Kodak Duaflex IV, 24 February 2011

2011/02/24

These will be the last two images I post from this camera…for now. I have another roll of film that I just finished shooting, but I need a couple days to process and scan that one.

KodakDuaflexIV CHI Acros100 StMaryOfTheLake01B

KodakDuaflexIV CHI Acros100 WaterTower01B

Photo Information:

Location (Upper Photo): Chicago, Illinois; Uptown Neighborhood
Location (Lower Photo): Chicago, Illinois; Streetervillee Neighborhood
Camera: Kodak Duaflex IV
Lens: Integral Kodak Kodar 72mm f/8
Film: Fuji Neopan Acros 100 (120 respooled onto 620)

The lower photo, of course, is the Chicago Water Tower, which I mentioned in Tuesday’s post (one of them, anyways). On the right-hand side is the Park Hyatt Chicago hotel (though most of the upper floors are actually private residences); the building itself was designed by Lucien Lagrange Architects and completed in 2000 (LLA is one of my former employers – though this project was well before my time with them…I was still in school when it was completed).

The subject of the upper photo is St. Mary of the Lake Catholic Church (1917, designed by Henry J. Schlacks), which is at the northwest corner of Sheridan and Buena. Lest you think that bell tower (or in the much more poetical Italian, campanile) is just for show, I can hear the bells from my apartment – the bells chime on the quarter hour (as traditional bell / clock towers once did), and play music during weekend services and on the various (and numerous) Catholic feastdays  throughout the year. On an interesting etymological note, while we often take the naming of churches such as this for granted, I’m not entirely sure if Mary is “officially” a Saint in the Roman Catholic tradition; [1] certainly, she is revered as the Mother of Jesus, and her stature in Church dogma is much higher than that of any one Saint, but I don’t know if the references to her as “Saint Mary” are official, or colloquial. What I do know is that the term “saint” is derived from the Latin root word, sanctus/-a/-um, [2] which means “holy,” and in European examples, churches devoted to Mary were generally named Santa Maria ___. This, of course, makes sense in context, as Santa (and it’s relatives) in most European languages (particularly the Romance languages – i.e. those that were derived from Latin) is directly descended from the original Latin term. This convention is, perhaps, most easily demonstrated in the name of the mother church of the Jesuit Order, the Church of the Most Holy Name of Jesus (or again, more poetically in Italian, Chiesa del Santissimo Nome di Gesù [3] – though the Italians mostly refer to the Church by it’s nickname, Il Gesù [4][5]); Santissimo is the superlative form of Santo, which follows the same pattern as the original Latin (the superlative form of Sanctus/-a/-um would be Sanctissimus/-a/-um). My point is that in all likelihood, the original intention behind such naming conventions would have been for the name of the church to be “Holy Mary,” not necessarily “Saint Mary” – though to be fair, the two terms are technically synonymous. OTOH, I’m just a bit compulsive about semantics, so I suspect this isn’t at all shocking to y’all.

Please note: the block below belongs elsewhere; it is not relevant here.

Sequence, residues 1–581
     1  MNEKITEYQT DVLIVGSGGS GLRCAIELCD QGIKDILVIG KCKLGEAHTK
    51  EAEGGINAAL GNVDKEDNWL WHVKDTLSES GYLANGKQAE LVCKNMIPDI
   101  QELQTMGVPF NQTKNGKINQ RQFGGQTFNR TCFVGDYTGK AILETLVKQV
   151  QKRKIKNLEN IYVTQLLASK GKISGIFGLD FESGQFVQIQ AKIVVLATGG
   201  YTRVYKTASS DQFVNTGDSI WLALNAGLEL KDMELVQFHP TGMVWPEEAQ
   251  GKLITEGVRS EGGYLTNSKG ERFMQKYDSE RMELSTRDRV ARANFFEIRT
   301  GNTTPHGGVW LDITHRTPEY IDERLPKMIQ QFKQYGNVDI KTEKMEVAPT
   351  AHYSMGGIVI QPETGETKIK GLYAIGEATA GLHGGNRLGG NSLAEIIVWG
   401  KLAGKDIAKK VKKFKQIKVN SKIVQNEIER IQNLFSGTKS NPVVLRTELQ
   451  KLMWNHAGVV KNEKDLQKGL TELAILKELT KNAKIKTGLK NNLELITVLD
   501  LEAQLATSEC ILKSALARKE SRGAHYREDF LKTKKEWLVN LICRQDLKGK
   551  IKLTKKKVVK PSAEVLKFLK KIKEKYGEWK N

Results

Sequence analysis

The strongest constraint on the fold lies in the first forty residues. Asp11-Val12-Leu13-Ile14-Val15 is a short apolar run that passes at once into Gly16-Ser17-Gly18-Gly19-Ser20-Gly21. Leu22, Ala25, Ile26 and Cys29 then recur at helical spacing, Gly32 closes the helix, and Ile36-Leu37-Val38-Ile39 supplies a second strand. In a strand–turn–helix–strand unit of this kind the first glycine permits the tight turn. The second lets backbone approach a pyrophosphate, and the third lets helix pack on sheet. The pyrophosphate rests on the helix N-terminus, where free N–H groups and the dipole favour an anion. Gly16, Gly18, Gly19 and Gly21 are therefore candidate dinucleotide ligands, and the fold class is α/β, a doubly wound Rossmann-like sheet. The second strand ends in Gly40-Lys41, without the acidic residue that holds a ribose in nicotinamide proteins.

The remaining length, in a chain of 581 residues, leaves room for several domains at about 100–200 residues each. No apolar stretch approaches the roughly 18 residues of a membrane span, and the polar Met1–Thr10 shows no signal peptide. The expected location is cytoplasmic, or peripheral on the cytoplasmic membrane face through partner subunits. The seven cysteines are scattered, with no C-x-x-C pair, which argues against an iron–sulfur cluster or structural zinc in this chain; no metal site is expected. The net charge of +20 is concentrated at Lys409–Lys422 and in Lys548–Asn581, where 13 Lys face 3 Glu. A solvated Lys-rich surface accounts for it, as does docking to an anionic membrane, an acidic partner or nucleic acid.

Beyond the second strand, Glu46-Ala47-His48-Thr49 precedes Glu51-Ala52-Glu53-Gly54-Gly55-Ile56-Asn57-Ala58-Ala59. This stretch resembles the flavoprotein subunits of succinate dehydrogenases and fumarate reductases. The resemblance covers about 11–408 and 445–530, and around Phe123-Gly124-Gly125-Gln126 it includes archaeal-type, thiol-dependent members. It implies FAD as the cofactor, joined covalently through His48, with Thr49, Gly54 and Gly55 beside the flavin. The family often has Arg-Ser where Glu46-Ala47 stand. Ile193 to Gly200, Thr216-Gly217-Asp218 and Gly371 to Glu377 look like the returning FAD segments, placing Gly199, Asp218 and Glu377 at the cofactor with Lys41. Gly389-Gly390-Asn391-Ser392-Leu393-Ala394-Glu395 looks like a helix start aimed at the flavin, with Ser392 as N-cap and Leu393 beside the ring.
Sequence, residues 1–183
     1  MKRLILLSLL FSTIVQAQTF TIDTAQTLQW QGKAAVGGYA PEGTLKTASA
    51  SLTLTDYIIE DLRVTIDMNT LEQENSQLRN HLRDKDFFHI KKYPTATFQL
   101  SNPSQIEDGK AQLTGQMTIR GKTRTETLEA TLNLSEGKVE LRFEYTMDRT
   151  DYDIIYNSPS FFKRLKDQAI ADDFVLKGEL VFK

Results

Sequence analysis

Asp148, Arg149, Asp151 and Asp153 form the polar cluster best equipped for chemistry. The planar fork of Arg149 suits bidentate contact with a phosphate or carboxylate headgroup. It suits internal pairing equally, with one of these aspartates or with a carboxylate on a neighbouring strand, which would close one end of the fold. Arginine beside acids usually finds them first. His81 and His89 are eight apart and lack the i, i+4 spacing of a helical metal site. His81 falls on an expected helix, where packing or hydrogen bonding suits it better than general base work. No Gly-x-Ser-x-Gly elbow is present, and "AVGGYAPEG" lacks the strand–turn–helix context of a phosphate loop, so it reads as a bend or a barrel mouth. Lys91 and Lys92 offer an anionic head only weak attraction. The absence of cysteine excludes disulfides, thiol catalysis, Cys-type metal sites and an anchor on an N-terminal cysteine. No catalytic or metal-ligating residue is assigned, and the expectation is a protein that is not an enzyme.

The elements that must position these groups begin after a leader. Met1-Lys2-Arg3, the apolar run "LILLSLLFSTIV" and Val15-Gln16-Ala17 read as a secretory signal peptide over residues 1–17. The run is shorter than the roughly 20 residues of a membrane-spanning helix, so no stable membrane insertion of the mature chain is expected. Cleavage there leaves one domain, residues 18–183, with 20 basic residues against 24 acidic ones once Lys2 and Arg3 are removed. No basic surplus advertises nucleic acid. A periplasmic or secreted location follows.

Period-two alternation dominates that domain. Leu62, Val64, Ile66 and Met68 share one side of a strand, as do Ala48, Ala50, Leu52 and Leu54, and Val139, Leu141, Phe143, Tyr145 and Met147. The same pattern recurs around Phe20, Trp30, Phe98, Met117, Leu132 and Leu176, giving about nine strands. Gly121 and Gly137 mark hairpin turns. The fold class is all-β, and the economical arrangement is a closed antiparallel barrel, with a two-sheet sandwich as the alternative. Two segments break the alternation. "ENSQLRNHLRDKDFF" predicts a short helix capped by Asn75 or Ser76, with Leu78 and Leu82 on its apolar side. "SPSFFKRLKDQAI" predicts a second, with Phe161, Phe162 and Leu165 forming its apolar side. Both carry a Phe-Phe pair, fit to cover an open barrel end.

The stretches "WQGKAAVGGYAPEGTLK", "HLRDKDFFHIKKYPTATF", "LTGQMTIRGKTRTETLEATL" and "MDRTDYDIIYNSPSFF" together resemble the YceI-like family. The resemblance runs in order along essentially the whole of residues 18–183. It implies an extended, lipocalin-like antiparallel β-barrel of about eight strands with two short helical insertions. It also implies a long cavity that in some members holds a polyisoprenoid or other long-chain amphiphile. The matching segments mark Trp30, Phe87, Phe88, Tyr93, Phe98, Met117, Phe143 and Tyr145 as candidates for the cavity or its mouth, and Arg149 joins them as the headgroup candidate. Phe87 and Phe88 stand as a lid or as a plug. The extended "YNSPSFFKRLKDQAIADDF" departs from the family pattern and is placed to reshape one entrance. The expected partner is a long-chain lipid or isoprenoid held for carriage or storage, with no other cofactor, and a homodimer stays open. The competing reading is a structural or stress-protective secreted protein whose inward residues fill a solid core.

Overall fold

Enjoy.

Notes:

[1]: Yes, I know that there are quite a number of disagreements regarding the precise status of Mary, depending on which sect of Christianity we’re talking about. That being said, I was raised as a Roman Catholic, so that’s what I know.

[2]: Yes, there is a reason for this odd construction: like most Romance Languages (but not English, as it is technically a Germanic Language with some Romance flair to it), Latin nouns have genders associated with them that are indicated by the suffix attached to the word. As a result, all adjectives have multiple gender forms so that they can match the nouns to which they are paired. In Classical (and Ecclesiastical) Latin, -us is the masculine form, while -a is the feminine, and -um is the neutral form. There are exceptions, but even those have rules associated with them – Classical Latin is a highly structured language; it even has rules for irregular words! [*]

[*]: As for why I know all this? Three years of studying Latin in high school. I’m no expert, and there’s all sorts of stuff I don’t remember anymore, but I many of the basic rules are still floating around in my brain.

[3]: Italian is such a pretty language, ain’t it? I got the chance to appreciate that when I lived in Rome for a few months during a “study” abroad program in which I participated when I was in graduate school. I will freely admit that I spent quite a bit more time wandering around the city, and not quite so much time studying.

[4]: Additional information available here (Wikipedia article); apart from its name and affiliation with the Jesuits, the church is also architecturally significant in its own right.

[5]: This abbreviation is a local colloquialism; the full name of the church is listed on all the travel guides, signs, and maps of the city, but almost nobody ever uses it. Ask someone in Rome where Il Gesù is at, however, and they’ll be able to point you there. Fans of the movie The Big Lebowski might be amused by the translation, as you’re basically asking “Where’s The Jesus at?”

[6]: I should also note that in Italian, the name of this church would probably be something like Santa Maria del Lago. Man, I wish English sounded half as good as Italian…

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